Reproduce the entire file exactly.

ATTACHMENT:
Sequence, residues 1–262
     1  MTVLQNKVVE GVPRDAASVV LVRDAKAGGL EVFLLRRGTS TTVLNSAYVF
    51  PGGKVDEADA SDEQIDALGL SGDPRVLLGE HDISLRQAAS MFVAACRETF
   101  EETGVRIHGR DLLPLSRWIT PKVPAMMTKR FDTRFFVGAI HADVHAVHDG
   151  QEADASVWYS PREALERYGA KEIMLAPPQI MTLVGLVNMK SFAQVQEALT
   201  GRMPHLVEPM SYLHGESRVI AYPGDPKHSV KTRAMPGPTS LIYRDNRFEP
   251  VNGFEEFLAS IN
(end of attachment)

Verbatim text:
Sequence, residues 1–262
     1  MTVLQNKVVE GVPRDAASVV LVRDAKAGGL EVFLLRRGTS TTVLNSAYVF
    51  PGGKVDEADA SDEQIDALGL SGDPRVLLGE HDISLRQAAS MFVAACRETF
   101  EETGVRIHGR DLLPLSRWIT PKVPAMMTKR FDTRFFVGAI HADVHAVHDG
   151  QEADASVWYS PREALERYGA KEIMLAPPQI MTLVGLVNMK SFAQVQEALT
   201  GRMPHLVEPM SYLHGESRVI AYPGDPKHSV KTRAMPGPTS LIYRDNRFEP
   251  VNGFEEFLAS IN